Here’s the heart of the piece:
What on earth is going on at the meeting of Anglican primates in Tanzania? One virtually needs a doctorate in ecclesiology to answer that question. Hard-line liberal and conservative factions are threatening to walk out of the Anglican Communion (which really no longer exists, since they decline to take Communion with each other) unless complicated theological demands are met. The word “schism” is flying around Dar Es Salaam — but it seems to mean something different every time it is used.
… Confused? If so, you are in good company. But there is one point on which nobody should be confused. If evangelicals or rainbow-coalition liberals reject the authority of the Archbishops of Canterbury and York and place themselves under the jurisdiction of an overseas primate, they will have left the Church of England.
In other words, it is easier for Anglicans to compromise on issues of doctrine and sacraments (take marriage, for example) than it is for them to compromise at the level of structure and property laws. As always, the crucial question remains: When push comes to shove, will the powers that be in Canterbury — the Archbishop of Canterbury and the staff that surrounds him — back the Third World traditionalists or the First World modernists? In the end, whoever is in Communion with Canterbury gets to keep the keys to the nearest First World cathedral, seminary and endowment vault — period.
So, what is at the heart of Anglicanism? Is it doctrine or a cultural tradition (I call it “NPR at prayer”) rooted in property laws, music, architecture, ritual, structure and history? Is this a theological communion or a corporate one?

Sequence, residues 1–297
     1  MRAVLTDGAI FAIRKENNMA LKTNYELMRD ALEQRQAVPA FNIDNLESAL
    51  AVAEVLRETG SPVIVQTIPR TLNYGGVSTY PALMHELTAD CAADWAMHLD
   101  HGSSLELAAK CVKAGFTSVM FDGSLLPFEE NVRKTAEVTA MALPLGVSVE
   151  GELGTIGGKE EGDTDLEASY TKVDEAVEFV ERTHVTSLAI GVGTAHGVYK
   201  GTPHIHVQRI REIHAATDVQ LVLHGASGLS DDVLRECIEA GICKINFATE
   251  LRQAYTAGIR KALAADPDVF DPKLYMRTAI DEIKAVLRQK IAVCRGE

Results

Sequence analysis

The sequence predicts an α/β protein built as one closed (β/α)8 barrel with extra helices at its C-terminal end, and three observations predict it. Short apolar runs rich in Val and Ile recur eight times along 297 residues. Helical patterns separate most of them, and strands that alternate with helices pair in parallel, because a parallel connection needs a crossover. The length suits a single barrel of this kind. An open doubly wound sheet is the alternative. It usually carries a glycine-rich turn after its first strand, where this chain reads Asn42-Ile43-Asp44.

I have listened to people debate that question ever since the mid-1980s. In the end, there is no answer that provides unity because one side wants unity in doctrine and the other side insists that the only core, uniting Anglican doctrine is that there are no core doctrines that cannot be molded to fit the times. One camp wants dogmatic theology and flexible property laws. The other wants dogmatic property laws and flexible theology.
Can anyone who has written about the Anglican wars for more than a month imagine a scenario in which Canterbury chooses to offend the world of NPR and the BBC? What would people say in the faculty club at Oxford? The editorial board of The New York Times? Clearly, the only solution is for the resolutions and negotiations and amendments and dialogues to go on and on and on until the Third World cracks and is willing to compromise — or flee. When you yearn for a modernized faith, all compromises move closer to the truth — although some move faster than others. When you yearn for the ancient faith, all compromises move away from the faith of the ages.
So when covering Anglicans, reporters should always look for signs of private negotiations toward compromise led by the British. The odds — and centuries of Anglican tradition — are with you.
You can sense that this is the final soluation in a recent interview with retired Archbishop of Canterbury George Carey (pictured at his farewell Eucharist). This link is to The Dallas Morning News, but the interview was conducted by Kristen Campbell of the Press-Register in Mobile, Ala.
There are divisions in the Anglican Communion over issues of sexuality and the ordination. How would you describe the state of the Anglican Communion?
I now think that the global south and a lot of conservative churches in this country and in other parts of the world are going to pull away.
What would it take for the two sides to talk to one another?